The public — not a jury — is often the first to issue a judgment on whether a Boulder criminal defendant is guilty. Emotional responses can overlook facts. Those responses, however popular, may not exceed the boundaries of the law.
The district attorney in Colorado’s 14th Judicial District recently wrote about a sensitive DUI case. The prosecutor explained why he chose to drop felony vehicular homicide and vehicular assault charges against a man who was driving while intoxicated. The defendant’s truck hit a family crossing U.S. Highway 34 in July 2013, killing the father and seriously injuring the man’s spouse and two children.
The defendant also was charged with misdemeanor DUI and child abuse, for drinking and driving while transporting his own children. Accident investigators learned the truck driver’s blood alcohol content level was more than twice the legal limit, but there was more to the story. The family, dressed in dark clothing, stepped onto the highway at night in a poorly-lit area.
Colorado State Patrol reported the truck driver was less than 60 feet from pedestrians, when the family walked onto the road. The driver was traveling about 10 mph under the 50 mph speed limit. Authorities determined the driver did not behave carelessly, despite intoxication, and would not have been able to stop even if he were sober.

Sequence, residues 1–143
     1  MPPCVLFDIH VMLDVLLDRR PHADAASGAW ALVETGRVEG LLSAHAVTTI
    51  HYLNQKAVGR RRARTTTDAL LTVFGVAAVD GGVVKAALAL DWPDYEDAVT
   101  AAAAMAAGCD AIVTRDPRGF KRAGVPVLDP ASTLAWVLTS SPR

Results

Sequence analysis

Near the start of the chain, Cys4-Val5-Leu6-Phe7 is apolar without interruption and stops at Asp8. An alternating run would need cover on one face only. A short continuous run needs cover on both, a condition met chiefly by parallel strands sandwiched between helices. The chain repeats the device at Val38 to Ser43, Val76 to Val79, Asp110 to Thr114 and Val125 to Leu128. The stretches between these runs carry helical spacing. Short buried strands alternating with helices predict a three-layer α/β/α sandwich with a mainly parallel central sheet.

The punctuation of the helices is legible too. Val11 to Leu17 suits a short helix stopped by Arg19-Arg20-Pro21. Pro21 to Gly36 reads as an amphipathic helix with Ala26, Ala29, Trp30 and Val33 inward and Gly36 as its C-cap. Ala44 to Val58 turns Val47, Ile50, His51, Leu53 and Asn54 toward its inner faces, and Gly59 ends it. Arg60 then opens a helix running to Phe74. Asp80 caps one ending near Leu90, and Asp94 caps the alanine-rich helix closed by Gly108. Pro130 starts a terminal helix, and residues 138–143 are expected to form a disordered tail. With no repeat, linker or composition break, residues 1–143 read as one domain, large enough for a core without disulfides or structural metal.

Plea deals can reflect a prosecutor’s uncertainty of defendant guilt. A plea deal was arranged to dismiss the felony charges against the truck driver, provided the defendant satisfactorily completed probation. The agreement was rejected by the court, which meant the prosecutor had to push forward with the charges or dismiss them – he dropped them.
Certain criminal allegations create a strong emotional reaction within society, particularly when children are harmed. Attorneys on both sides of a criminal case are bound by the provisions of a law, whether or not those provisions conflict with public sentiment.
Source: Sky-Hi News, “Guest Column: D.A. explains reason for dropping felony counts in 4th of July Ackerman case” Brett D. Barkey, Jul. 09, 2014